♦ It would be truly embarrassing if a Turkey-Israel normalization results in new arms shipments into Gaza and rockets over Israeli skies — with the only achievement being a temporary peace with Turkey’s Islamists, who never hide their ideological kinship with Hamas.

♦ The future Turkish and Israeli ambassadors would always have to keep their bags packed, ready to return to their own capitals at the first dispute – which could be caused by Israeli retaliation against Arab terrorism or anything that may make Erdogan roar in front of cameras.

♦ How do you shake hands with a man whom you know ideologically hates you and wishes to mess up things at his earliest convenience?

None of this happened half a century ago; the timeline here covers only a span of a year and a half: A Turkish-Kurdish pop star wrote on her Twitter account, “May God bless Hitler. He did far less [than he should have done to Jews].” The mayor of Ankara replied: “I applaud you!” Hundreds of angry Turks, hurling rocks, tried to break into the Israeli diplomatic missions in Ankara and Istanbul. The mayor of Ankara said: “We will conquer the consulate of the despicable murderers.” He blamed the Charlie Hebdo massacre in Paris on Israel’s Mossad. Islamist columnists close to the government suggested imposing a “wealth tax” on Turkish Jews (who are full citizens). A governor threatened to suspend restoration work at a synagogue. And a credible research group at the Kadir Has University in Istanbul found in a poll that Turks view Israel as the top threat to Turkey.

Against such a background, Turkish and Israeli diplomats are negotiating a historical deal that will, in theory, end Turkey’s hostility toward the Jewish state and normalize diplomatic ties between Ankara and Jerusalem.

In 2010, a Turkish flotilla, led by the Mavi Marmara with hundreds of jihadists and anti-Israeli “intellectuals” aboard, sailed toward the coast of Gaza, aiming to break Israel’s naval blockade of the Hamas-run strip. Israel’s naval blockade aims to prevent weapons such as rockets being smuggled into Gaza. To stop the flotilla, naval commandos of the Israel Defense Forces boarded the vessel and, during clashes, killed nine aboard.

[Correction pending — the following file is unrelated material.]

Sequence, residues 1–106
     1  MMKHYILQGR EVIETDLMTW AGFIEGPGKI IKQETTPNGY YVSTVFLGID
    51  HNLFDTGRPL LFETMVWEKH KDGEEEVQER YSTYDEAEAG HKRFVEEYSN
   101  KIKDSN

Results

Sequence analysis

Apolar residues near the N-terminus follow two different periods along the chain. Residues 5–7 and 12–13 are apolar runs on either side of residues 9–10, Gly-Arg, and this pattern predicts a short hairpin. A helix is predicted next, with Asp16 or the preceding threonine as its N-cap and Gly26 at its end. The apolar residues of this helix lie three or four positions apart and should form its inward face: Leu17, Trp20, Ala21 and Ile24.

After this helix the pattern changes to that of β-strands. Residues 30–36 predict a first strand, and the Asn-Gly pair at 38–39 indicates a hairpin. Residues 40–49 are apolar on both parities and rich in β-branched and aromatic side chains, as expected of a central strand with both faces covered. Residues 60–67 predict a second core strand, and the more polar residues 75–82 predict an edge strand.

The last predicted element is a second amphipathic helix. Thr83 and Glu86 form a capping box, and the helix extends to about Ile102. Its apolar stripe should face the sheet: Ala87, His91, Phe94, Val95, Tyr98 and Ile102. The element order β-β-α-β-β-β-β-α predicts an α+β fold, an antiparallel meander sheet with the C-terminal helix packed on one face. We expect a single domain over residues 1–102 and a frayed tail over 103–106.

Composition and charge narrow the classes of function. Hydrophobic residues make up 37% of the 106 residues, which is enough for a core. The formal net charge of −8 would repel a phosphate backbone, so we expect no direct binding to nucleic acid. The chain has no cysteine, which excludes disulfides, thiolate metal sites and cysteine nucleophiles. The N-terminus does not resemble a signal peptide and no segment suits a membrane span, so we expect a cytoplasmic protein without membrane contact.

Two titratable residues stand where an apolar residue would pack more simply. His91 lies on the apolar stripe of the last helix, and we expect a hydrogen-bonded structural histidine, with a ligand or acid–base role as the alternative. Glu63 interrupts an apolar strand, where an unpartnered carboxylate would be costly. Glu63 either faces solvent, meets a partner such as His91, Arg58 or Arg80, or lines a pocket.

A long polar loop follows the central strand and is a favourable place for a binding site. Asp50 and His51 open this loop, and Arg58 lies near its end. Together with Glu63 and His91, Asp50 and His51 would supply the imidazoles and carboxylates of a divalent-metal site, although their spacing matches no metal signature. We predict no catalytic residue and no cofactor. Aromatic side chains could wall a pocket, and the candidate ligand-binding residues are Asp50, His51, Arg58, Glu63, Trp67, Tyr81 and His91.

1080The Turkish-owned ship Mavi Marmara, which took part in the 2010 “Gaza flotilla” that attempted to break Israel’s naval blockade of Gaza. (Image source: “Free Gaza movement”/Flickr)

Since the incident, Turkey’s Islamist leaders have pledged to isolate Israel internationally and have downgraded diplomatic ties with Jerusalem. They have put forward three conditions before any normalization could take place: an Israeli apology, compensation for the families of the victims and the removal of the naval blockade on Gaza.

After President Barack Obama’s intervention, Israeli Prime Minister Benjamin Netanyahu in 2013 apologized for “any error that may have led to the loss of life.” Turkey’s two other conditions remain unfulfilled. But diplomatic teams from Ankara and Jerusalem are apparently working on a deal. There are good reasons why an accord may or may not be possible.

Since the nearest Turkish election is four years from now, neither Turkish President Recep Tayyip Erdogan nor his prime minister, Ahmet Davutoglu, has any reason to cultivate further anti-Semitism at election rallies in order harvest votes from conservative masses who are deeply hostile to Israel and Jews. These are days when Turkey’s leaders need not practice their usual anti-Israeli rhetoric.

There is another reason related to “timing” that makes a deal attainable. After pledging to isolate Israel, Turkey has become the most isolated country in the region, especially after the recent crisis with Russia that emerged after two Turkish F-16 fighters shot down a Russian SU-24 aircraft along Turkey’s Syrian border on Nov. 24.

In its region, Turkey does not have diplomatic relations with Cyprus and Armenia. It has downgraded diplomatic relations with Israel and Egypt. It is confronted by Shiite and Shiite-dominated regimes in Iran and Iraq, respectively. On top of all that, an angry Vladimir Putin, Russia’s president, curses and threatens every day to punish Turkey. Turkey buys over half of its natural gas and 10% of its oil from Russia.

Therefore, a third incentive could be a mutually beneficial future deal for Turkey to buy natural gas from Israel. If the two countries build an underwater pipeline, Turkey can compensate for the potential loss of Russian gas supplies, starting in 2019. For Israel, a pipeline to Turkey would be the most commercially feasible route to export its gas to Turkey and other potential buyers beyond.

A Turkish-Israeli handshake would also be music to ears in Washington. Deep hostility and occasional tensions between its two allies in the Middle East have always been unnerving for the U.S. administration.

The road ahead has its problems. Turkey’s second condition for normalization, compensation, is not too difficult to overcome. But the third condition, that Israel should remove the naval blockade of Gaza — and risk weapons being smuggled into the hands of Hamas (or other terrorist groups) — could be an unsafe move for Israel.